Prince Kaya Tsunenori
HIH Prince Kaya Tsunenori
July 23, 1900|
|Died||January 3, 1978
Chiba Prefecture, Japan
|Allegiance||Empire of Japan|
|Service/branch||Imperial Japanese Army|
|Years of service||1920-1945|
|Battles/wars||World War II|
Prince Kaya Tsunenori (賀陽宮恒憲王 Kaya no miya Tsunenori ō?, July 23, 1900 – January 3, 1978), was the second head of the Kaya-no-miya collateral branch of the Japanese imperial family. He was first cousin to Empress Kōjun (Nagako), the wife of Emperor Shōwa (Hirohito).
Prince Kaya Tsunenori was born in Tokyo, the first son of Prince Kaya Kuninori and his wife, the former Daigō Yoshiko. He received his primary and secondary education at the boys' department of the Gakushuin Peers’ School. On December 8, 1909, he became the second head of the Kaya-no-miya house upon his father's death.
Like the other imperial princes of his generation, Prince Kaya was a career military officer. In 1920, after serving a term in the House of Peers, he graduated from the 32nd class of the Imperial Japanese Army Academy and received a commission as a lieutenant (2nd class) in the cavalry. In August 1925, he became commander of the Tenth Cavalry Regiment (at the rank of captain) and graduated from the 38th class of Army Staff College. The following year, he rose to the rank of major in the cavalry, and was appointed an instructor at the Army Staff College the following year. He joined the Imperial Japanese Army General Staff in 1933 and was promoted to colonel two years later.
After his return to Japan, he replaced his uncle, Prince Asaka Yasuhiko, as the emperor's personal envoy to Nanking, the occupied capital of Nationalist China, following the Nanjing Massacre in January 1938. He was promoted to major general in 1940 and lieutenant general in 1943 in command of the IJA 43rd Division. Prince Kaya became commander of the Third Imperial Guard Division in 1944 and briefly served as president of the Army Staff College during the closing stages of World War II.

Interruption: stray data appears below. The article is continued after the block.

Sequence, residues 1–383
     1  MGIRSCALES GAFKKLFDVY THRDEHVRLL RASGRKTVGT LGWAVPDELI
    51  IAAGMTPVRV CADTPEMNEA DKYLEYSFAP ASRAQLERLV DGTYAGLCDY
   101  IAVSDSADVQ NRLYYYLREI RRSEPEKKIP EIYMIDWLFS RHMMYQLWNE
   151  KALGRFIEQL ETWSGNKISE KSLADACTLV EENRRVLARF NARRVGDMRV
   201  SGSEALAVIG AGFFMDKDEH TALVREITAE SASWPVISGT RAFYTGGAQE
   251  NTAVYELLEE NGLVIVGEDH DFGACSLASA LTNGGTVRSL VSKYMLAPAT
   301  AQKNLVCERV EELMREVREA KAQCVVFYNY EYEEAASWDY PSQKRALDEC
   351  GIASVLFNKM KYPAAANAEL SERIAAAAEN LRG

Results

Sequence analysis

After October 14, 1947, Prince Kaya Tsunenori and his family were divested of their imperial status and become commoners due to the American occupation authorities' reform of the Japanese imperial household. Barred from holding public office because of his military career, the former prince received a lump payment from the reconstituted Imperial Household Council in order to "maintain his dignity." The former prince later served on the boards of directors of the Taishō Life Insurance Company and Nissan Mutual Life Insurance Company. He served as the honorary president of the International Martial Arts Federation from its founding in 1953 until 1957. The former prince was a noted fan and supporter of Japanese baseball. In 1970, he founded a retirement home in Nagano Prefecture.
The former prince died of a heart ailment on January 2, 1978 at his home in Chiba Prefecture.
The former Kaya-no-miya palace is now the site of the Chidorigafuchi National Cemetery in downtown Tokyo.
Marriage and family
On May 3, 1921, Prince Kaya married Kujō Toshiko (May 16, 1903 - March 23, 1993), the third daughter of Prince Kujō Michizane, head of one of the Five regent houses of the Fujiwara clan. His wife also a niece of Empress Teimei, the consort of the Emperor Taishō. The couple had seven children:
- Prince Kaya Kuninaga (賀陽宮邦寿王?), (April 21, 1922 - April 19, 1986)
- Princess Kaya Michiko (美智子女王?) (b. July 29, 1923)
- Prince Kaya Harunori (治憲王?), (July 3, 1926 - June 5, 2011)
- Prince Kaya Akinori (章憲王?), (August 17, 1929 - November 4, 1994)
- Prince Kaya Fuminori (文憲王?), (b. July 12, 1931)
- Prince Kaya Munenori (宗憲王?), (b. November 24, 1935)
- Prince Kaya Takenori (健憲王?), (b. August 5, 1942)
- Foreign Affairs Association of Japan, The Japan Year Book, 1939-40 (Tokyo: Kenkyusha Press, 1939).
- Foreign Affairs Association of Japan, The Japan Year Book, 1945 (Tokyo: Kenkyusha Press, 1946).
- "Royal Japanese Greeted Here; Spend Afternoon Seeing Sights; Prince and Princess Kaya Saluted in Harbor and Received by Notables," New York Times, 15 August 1934, p. 19.
- "Britain And Japan: Prince Kaya's Visit," The Times, 3 May 1934, p. 16.
- Japan Biographical Encyclopedia and Who's Who. Tokyo, Rengo-Press: 1965.
- "Obituary 1--No Title," New York Times, 4 January 1978, p. D19.